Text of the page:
10.1.1

Mechanisms of Bone Remodeling


Watch the video Osteoclast and Osteoblast Regulation

Bone remodeling is a lifelong process where mature bone tissue is broken down and new bone tissue is formed within the skeleton. It is important in the reshaping and replacement of bone following microdamage we acquire daily or due to injury like a fracture. Bone remodeling is also important in changing the strength of bones in response to structural and mechanical stresses. Bone remodeling is carried out by the bone multicellular unit (BMU). The cells involved in the BMU are osteoblasts, which produce the bone matrix, and osteoclasts, which are responsible for bone breakdown/resorption. Osteoclasts originate from macrophage-type cells that fuse together to make a large osteoclast cell with multiple nuclei.

BMU activity is regulated by important cell to cell interactions; specifically the RANK/RANKL/OPG signaling pathway plays a key role in regulating osteoclast differentiation and activation. This pathway starts with osteochondral progenitor cells, which are a type of stem cell that is found in the bone marrow. These cells have the ability to differentiate into osteoblasts or chondroblasts. The osteochondral progenitor cells express a ligand called RANKL (which they continue to express when they differentiate into osteoblasts). Osteoclast precursor cells express a receptor for RANKL called RANK. RANK stands for ‘receptor activator of nuclear factor κ.’ If the RANKL of the osteoblast binds with the RANK of the osteoclast precursor, then the signaling of the RANK will activate a transcription factor known as NF-κB which is important for the production and survival of osteoclasts. The osteoclast precursor will then develop into an osteoclast and increase bone breakdown. Therefore, regulation of osteoclast development is largely determined by signaling from osteoblasts.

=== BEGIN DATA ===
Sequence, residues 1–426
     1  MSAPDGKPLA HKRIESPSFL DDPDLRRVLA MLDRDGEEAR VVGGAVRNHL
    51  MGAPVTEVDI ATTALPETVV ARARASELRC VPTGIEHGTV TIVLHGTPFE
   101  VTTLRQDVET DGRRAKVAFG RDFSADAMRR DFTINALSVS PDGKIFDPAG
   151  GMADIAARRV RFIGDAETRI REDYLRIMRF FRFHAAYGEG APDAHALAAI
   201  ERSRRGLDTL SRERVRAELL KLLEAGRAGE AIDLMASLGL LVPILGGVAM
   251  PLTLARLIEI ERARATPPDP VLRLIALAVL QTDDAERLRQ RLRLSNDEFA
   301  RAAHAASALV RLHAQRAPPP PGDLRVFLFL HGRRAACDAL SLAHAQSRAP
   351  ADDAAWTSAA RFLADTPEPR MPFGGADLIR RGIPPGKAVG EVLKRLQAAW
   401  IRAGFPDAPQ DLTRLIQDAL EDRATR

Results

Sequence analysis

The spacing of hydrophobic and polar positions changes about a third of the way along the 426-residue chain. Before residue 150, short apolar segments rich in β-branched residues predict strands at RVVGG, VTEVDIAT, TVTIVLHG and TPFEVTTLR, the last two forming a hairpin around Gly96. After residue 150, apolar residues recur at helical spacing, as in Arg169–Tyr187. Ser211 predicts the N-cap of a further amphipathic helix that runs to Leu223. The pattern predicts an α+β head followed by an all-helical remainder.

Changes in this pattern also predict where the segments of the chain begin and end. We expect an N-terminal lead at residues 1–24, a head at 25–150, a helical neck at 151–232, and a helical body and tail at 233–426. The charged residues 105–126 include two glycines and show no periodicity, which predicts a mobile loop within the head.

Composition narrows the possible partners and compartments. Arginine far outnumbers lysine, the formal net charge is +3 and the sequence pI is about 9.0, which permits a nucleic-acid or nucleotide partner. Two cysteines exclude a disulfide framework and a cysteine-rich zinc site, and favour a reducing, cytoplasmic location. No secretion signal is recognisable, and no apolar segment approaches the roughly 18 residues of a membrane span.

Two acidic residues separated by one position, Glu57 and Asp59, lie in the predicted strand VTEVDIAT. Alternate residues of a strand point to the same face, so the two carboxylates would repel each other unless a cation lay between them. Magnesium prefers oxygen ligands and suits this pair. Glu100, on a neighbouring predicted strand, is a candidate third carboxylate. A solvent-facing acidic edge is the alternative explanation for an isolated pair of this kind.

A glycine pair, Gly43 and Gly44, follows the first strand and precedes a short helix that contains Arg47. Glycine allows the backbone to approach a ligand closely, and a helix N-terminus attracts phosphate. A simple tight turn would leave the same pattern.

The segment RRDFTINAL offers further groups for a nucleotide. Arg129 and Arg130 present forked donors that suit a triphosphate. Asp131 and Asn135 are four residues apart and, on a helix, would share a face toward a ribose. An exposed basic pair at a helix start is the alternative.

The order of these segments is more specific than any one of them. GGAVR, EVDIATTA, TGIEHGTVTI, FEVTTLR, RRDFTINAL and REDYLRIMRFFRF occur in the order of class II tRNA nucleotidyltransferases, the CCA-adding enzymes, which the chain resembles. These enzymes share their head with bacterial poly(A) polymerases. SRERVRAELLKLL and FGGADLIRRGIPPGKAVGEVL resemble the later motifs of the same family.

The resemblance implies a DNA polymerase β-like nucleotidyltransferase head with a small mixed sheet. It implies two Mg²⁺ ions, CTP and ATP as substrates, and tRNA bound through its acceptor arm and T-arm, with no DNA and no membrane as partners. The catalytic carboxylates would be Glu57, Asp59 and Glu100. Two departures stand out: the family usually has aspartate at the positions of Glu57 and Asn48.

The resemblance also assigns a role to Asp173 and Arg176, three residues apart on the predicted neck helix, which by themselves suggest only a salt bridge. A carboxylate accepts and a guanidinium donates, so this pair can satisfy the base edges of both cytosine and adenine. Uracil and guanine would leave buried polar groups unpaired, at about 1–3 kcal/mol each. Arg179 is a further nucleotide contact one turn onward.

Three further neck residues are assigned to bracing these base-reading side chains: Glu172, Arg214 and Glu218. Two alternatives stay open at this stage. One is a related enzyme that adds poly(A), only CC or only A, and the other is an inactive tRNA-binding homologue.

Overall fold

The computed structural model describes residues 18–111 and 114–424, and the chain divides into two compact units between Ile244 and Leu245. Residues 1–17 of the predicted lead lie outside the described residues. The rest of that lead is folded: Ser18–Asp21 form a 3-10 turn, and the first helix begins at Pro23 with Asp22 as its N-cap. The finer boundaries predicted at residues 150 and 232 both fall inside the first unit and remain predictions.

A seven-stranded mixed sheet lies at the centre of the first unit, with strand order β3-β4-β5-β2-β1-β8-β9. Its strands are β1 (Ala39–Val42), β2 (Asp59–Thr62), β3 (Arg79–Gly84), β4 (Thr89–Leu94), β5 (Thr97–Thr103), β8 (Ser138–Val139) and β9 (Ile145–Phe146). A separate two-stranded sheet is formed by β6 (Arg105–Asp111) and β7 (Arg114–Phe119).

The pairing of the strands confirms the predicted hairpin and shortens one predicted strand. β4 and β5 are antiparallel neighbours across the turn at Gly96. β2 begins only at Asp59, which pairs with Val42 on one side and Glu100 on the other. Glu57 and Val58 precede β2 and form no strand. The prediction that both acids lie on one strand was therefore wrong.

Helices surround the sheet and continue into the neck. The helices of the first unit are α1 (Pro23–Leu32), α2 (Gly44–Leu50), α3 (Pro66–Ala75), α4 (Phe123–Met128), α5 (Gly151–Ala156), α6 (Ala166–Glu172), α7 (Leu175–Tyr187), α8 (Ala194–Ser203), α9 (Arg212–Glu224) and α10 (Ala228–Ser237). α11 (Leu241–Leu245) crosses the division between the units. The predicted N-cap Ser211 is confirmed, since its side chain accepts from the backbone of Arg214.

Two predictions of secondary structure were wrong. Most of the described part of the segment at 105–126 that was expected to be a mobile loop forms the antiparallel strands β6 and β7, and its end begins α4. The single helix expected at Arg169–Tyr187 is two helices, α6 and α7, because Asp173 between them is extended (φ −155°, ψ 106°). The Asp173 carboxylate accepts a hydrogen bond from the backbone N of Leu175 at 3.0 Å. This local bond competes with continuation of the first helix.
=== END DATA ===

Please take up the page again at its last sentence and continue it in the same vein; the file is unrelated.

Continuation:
Osteoprotegarin (OPG) is a decoy receptor that will bind to RANKL and prevent it from interacting with the RANK on osteoclast precursor cells. This means OPG prevents the production of new osteoclasts, thus decreasing osteoclast activity and favoring bone retention. OPG is produced by osteoblasts and osteochondral progenitor cells. Its production is increased in response to mechanical strain, sex hormones such as estrogen and testosterone, and the thyroid-derived hormone, calcitonin. OPG is decreased by parathyroid hormone (PTH) and glucocorticoids. On the other hand, osteoblast RANKL expression is increased by PTH and glucocorticoids and decreased by estrogen and testosterone, as well as calcitonin. Overall, this means that mechanical strain, calcitonin, and the sex hormones favor bone retention while PTH and glucocorticoids favor bone breakdown and remodeling.

Image by Lanning Baker S17